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One of a series of dealer contractor technical advisories prepared by HARDI wholesalers as a customer service.

TP Equals SP Plus VP
Almost every text, manual and catalog that relates to ducted air conditioning technology devotes some space to an explanation of how the total pressure (TP) in a duct system is equal to the sum of the static (SP) and velocity (VP) pressures. Little difficulty is encountered with this simple relationship until the return or exhaust side of a system is confronted. Then, it seems, many designers become confused and frequently make mistakes, The confusion apparently stems from the introduction of negative numbers -- do you add the VP to the SP or subtract it? -- and the addition of such terms as total suction and dynamic tube measurements to define what amounts to the same thing as the supply side static and total pressures. Much of the confusion can be avoided by representing system pressure relationships graphically, referenced on an absolute pressure scale.* and relying solely on the terms total, static and velocity pressure. Atmosphere Is Datum When we take a pressure measurement in a supply duct and state that the static pressure is, say, 2.5 inches of water, what we really mean is 2.6 inches of water above atmospheric pressure. Since standard atmospheric pressure is 14.7 psi amounts to 408 inches of water, the static pressure in the supply duct of the absolute scale is 408 psi plus 2.6 or 410.6 inches of water. On the return side, a static pressure measurement (sometimes called total suction) of 2.6 inches of water really indicates 2.6 inches of water below atmospheric pressure. Thus the static pressure in the return duct on the absolute scale would be 408.0 minus 2.6 or 405.4 inches of water. Figures 1 and 2 graphically represent the pressure distribution in ducts with conditions above and below atmospheric pressure using the absolute scale. The horizontal line at the base represents zero pressure absolute; the dashed horizontal line above the base line represents atmospheric pressure. Let’s consider the supply side conditions in Figure 1 first.
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At station 1, right at fan discharge, the velocity pressure (VP) is assumed to be 0.4 inches of water, so to the SP (absolute) of 410.6 inches of water we add 0.4 to obtain the TP (absolute) of 411.0 inches of water. (Gauge TP as measured with a pitot tube would be 411 minus 3 inches of water.) For a 0.5 inches of water loss in energy through the system, the TP (absolute) at station 2 would be 411.0 minus 0.5 or 410.5 inches of water. And if the VP increased to 1.0 inches of water (duct narrows) then the SP (absolute) at station 2 would be 410.5 minus 1.0 or 409.5 inches of water. Note that only when the duct is a constant size will the pressure loss be equal to the difference in static pressure (SP1 minus SP2 equals 1.1 here not 0.5), but the loss is always equal to the difference in total pressure.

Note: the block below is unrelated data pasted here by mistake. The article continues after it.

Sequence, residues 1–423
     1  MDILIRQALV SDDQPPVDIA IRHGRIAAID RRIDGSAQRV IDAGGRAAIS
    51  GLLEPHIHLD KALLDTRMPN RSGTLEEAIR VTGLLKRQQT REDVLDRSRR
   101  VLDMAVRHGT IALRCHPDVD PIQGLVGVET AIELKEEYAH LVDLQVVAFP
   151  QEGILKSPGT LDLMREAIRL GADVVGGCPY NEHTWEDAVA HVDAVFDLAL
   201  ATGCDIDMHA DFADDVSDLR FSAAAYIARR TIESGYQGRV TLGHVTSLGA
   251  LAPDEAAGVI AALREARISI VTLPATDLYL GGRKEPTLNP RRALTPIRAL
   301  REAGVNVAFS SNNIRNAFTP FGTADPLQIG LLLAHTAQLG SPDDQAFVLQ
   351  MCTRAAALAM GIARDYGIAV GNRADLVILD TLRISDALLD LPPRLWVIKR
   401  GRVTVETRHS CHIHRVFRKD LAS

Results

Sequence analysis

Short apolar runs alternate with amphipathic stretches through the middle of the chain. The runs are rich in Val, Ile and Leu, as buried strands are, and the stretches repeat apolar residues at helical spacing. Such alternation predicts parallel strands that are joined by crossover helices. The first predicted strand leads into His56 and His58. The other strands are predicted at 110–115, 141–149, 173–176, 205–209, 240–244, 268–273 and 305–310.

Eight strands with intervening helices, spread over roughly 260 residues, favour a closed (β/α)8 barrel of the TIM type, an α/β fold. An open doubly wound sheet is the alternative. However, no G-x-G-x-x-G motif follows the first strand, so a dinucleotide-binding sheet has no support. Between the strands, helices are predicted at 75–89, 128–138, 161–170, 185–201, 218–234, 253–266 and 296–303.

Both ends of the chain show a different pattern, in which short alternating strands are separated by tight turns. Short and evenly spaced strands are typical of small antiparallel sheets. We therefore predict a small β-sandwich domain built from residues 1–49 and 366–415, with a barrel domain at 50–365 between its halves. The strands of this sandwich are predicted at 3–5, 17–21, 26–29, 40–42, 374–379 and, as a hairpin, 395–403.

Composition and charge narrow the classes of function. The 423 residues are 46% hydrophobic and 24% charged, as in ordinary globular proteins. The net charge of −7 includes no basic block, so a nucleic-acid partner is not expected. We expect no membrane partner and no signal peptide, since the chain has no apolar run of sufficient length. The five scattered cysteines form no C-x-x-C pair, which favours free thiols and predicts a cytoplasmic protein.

Principle Is No Different On Inlet Side In the below atmospheric situation (Figure 2), adding a VP or 0.4 to the SP (absolute) at station 1 yields a TP (absolute) of 405.8 inches of water. (Because we have converted to an absolute scale, we can still add VP to SP to obtain TP even on the return side. For a similar 0.5 inches of water loss, the TP (absolute) at station 2 (near fan inlet) would be 405.5 minus 0.5 or 405.3 inches of water. And the SP (absolute) at this point in the system, again assuming a VP of 1.0, would be 404.3 inches of water.


Thus, while numerically gauge TP readings are less than gauge SP measurements, and gauge TP readings increase in the direction of flow on the return side (from 2.2 to 32.7 in this example), reference to absolute values clearly resolves any paradoxes. TP (absolute) always decreases in the direction of flow and TP (absolute) always equals the sum of VP and SP (absolute) on either side of the fan. Reference to Figures 1 and 2 during design work can be a convenient remainder of the relative relationship between system pressures. The diagrams -- together with numerical example -- are self-explanatory. A word of caution: atmospheric pressure decreases about 1.0 inches of water with every 70 feet of elevation. If absolute values are for some reason ever used in designing a system, appropriate compensation for any significant vertical rise made by the ductwork must be made. * Since a duct system is near the bottom of a sea of air, the absolute scale merely accounts for the pressure exerted by the atmosphere. Gauge readings are either added or subtracted from the atmospheric pressure to obtain absolute values. Zero pressure absolute only occurs in a perfect vacuum.